One of the most important and difficult tasks that an organization can take on is improving its product and process development system. Although they may recognize that this will provide significant opportunities, companies often struggle even to find out where to start. That is why we launched the LPPD Learning Partner initiative. One of the unique aspects of this partnership is an unparalleled opportunity to share experiences with other high performing, non-competing organizations.
Our latest learning event was held at GE Appliance Park in Louisville, Kentucky. Thirty-five people from five companies came together to share LPPD experiments from the past six months.
“The LPPD partnership provides a unique opportunity to gain insights and learning’s on product Development,” said Kevin Nolan, Vice President of Technology and Development at GE Appliances. “It is an area that is critical to the success of a company but until the LPPD partnership, it was an area that was very hard to go and see and learn from world-class companies. The recent event that we hosted in Louisville provided many great insights to all the companies but more importantly showed us clear areas where we can improve.”
LPPD Senior Advisor Jim Morgan kicked off the event by reminding participants that this event was an important part of the overall LPPD learning cycle. He also shared some ways participants could work with their coaches to apply these lessons to their work back home.
Next, leaders from each company shared their work and current challenges in applying set-based concurrent engineering to their development process. After some very interesting cross-company discussion led by LPPD Senior Coach John Drogosz, Professor Durward Sobek of Montana State University led the group through a hands-on tradeoff curve exercise. It was great to see the teams break out their calculators and work their way through the problems
After reviewing some dramatic improvements to GE’s appliance assembly line that were enabled through their lean product and process development work, the group journeyed over to First Build. First Build is a pathbreaking center that embodies a key principle of LPPD: do the experiment and understand your customer. There, careful customer research and product development come together to produce the latest consumer appliances. Participants were fascinated to learn that First Build allows anyone from the community to just walk in, look at the displayed products and leave their feedback.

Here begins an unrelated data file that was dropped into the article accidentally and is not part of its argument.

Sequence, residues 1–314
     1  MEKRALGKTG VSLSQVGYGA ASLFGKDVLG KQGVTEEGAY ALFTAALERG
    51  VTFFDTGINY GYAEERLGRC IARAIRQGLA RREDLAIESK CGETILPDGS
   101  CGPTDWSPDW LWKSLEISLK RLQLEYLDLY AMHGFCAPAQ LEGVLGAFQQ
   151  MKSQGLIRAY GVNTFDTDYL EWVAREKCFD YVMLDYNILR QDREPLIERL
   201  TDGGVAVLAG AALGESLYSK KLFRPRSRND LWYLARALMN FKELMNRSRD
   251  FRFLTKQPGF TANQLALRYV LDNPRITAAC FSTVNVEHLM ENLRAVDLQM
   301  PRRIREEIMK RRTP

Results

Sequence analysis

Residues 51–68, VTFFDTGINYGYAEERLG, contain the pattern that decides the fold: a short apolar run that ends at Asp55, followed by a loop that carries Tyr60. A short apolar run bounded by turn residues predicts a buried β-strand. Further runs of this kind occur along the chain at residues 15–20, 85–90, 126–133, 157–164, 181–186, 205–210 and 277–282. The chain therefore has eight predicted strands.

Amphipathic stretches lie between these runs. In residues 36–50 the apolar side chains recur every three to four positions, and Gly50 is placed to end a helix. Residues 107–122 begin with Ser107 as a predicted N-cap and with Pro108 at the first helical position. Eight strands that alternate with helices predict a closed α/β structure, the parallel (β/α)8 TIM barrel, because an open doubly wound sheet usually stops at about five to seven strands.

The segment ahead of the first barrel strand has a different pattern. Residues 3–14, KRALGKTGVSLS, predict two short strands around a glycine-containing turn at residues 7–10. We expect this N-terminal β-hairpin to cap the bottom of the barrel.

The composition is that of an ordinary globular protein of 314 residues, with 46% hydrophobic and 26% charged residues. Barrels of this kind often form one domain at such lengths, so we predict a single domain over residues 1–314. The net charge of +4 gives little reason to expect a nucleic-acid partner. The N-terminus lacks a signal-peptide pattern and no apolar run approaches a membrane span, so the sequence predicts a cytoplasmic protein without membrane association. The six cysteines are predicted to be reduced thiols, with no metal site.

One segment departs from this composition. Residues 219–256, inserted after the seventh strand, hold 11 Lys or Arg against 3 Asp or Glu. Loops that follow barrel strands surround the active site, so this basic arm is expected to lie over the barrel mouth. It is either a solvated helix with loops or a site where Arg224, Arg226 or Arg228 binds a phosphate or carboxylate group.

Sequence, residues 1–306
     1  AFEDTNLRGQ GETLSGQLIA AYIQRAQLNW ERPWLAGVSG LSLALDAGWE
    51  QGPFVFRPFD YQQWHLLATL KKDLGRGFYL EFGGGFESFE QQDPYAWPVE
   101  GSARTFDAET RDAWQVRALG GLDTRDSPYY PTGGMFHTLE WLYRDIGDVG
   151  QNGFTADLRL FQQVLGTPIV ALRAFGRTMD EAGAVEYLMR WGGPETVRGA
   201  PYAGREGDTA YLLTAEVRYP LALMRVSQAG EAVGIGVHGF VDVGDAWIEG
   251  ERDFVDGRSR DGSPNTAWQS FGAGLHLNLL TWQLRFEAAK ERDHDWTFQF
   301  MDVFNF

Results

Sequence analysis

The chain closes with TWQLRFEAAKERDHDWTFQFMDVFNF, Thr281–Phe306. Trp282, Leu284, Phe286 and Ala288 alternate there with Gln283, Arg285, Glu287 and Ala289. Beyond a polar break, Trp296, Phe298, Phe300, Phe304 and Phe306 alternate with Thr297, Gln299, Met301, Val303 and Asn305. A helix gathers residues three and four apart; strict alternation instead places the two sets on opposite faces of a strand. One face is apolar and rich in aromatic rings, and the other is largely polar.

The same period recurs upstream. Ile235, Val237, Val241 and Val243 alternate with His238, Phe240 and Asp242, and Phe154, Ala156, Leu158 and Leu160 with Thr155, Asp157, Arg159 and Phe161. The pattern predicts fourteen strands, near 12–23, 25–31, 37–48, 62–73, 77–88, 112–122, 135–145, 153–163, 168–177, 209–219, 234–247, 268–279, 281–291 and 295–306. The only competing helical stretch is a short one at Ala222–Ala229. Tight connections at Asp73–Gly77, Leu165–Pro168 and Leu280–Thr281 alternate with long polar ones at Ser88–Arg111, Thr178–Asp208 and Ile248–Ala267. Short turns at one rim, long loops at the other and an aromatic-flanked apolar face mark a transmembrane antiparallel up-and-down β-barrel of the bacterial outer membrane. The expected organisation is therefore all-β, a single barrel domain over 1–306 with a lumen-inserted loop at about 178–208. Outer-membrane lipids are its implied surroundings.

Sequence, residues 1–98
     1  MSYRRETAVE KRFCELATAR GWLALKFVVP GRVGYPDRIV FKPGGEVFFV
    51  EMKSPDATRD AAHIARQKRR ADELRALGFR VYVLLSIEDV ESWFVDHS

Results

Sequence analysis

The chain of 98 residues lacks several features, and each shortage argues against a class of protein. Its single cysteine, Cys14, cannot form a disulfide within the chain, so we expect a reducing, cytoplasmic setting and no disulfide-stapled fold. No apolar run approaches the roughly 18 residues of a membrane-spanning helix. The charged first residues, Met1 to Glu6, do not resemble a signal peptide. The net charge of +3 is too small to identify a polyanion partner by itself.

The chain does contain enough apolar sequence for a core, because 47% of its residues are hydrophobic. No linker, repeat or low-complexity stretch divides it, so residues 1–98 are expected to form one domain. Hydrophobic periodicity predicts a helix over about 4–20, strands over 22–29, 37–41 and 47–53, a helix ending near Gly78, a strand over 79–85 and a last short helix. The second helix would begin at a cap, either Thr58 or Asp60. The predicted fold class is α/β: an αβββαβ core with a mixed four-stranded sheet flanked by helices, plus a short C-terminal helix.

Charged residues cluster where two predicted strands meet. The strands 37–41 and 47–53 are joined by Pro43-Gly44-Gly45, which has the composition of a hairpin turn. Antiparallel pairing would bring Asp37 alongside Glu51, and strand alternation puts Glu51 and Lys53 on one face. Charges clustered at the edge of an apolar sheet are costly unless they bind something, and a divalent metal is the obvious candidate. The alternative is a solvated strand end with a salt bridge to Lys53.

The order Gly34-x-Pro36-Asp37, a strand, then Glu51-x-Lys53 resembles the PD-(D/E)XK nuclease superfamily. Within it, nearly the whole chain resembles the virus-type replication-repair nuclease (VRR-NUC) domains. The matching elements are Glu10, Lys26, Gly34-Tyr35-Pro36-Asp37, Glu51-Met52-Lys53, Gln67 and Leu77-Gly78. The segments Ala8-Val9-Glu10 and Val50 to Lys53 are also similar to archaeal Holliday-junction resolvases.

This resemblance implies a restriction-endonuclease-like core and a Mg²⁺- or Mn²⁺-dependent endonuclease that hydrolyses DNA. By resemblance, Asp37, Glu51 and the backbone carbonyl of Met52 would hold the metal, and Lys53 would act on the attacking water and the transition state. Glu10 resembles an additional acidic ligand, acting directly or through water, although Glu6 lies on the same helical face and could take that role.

The second day started with an overview of craftsmanship. Jim Morgan described it to the team as “the visual, tactile and audible characteristics of a product that drive your customers perception of quality. Excellence in craftsmanship enhances the total customer experience and creates unique value. You can recognize craftsmanship in products and services by their simple elegance and seamless fit. They embody the elimination of the superfluous and the precise execution of the essential. Something about the product says ‘well made’ and actually draws you to it.”
Herman Miller’s John Miller then took the group through the work his company has been doing building craftsmanship into their development process and the impact of their award-winning designs. GE Appliances shared their work to date and took the group through their craftsmanship lab – it was an eye opener for the whole group. Andy Houk of FMC Technologies, the newest LPPD Learning Partner, took the stage afterwards and described his company’s mission, challenges and goals for their transformation.
Eric Ethington, LPPD Partner Program Manager wrapped up the event with a reflection exercise to capture important lessons and identify opportunities to improve the next event. There was much positive feedback from participants, particularly regarding the gemba visits.
“The workshop tours were really great,” said Bob Mullet of Bose. “They just make everything real. It’s one thing to read about it or know it exists, but to see it yourself is really inspirational. It’s that moment when you think, ‘Wow. Why aren’t we doing that?’”
“As I look back on the event I’m amazed at the volume of information exchanged, both formally and informally,” said Houk. “If you don’t get out and see what others are doing, physically being there, you are just stewing in your own bathwater. Getting together with people from respected companies that are having similar struggles as you and sharing ideas accelerates learning.”
For more information on the LPPD Learning Group, contact Eric Ethington, LPPD Senior Coach and Project Manager, at firstname.lastname@example.org.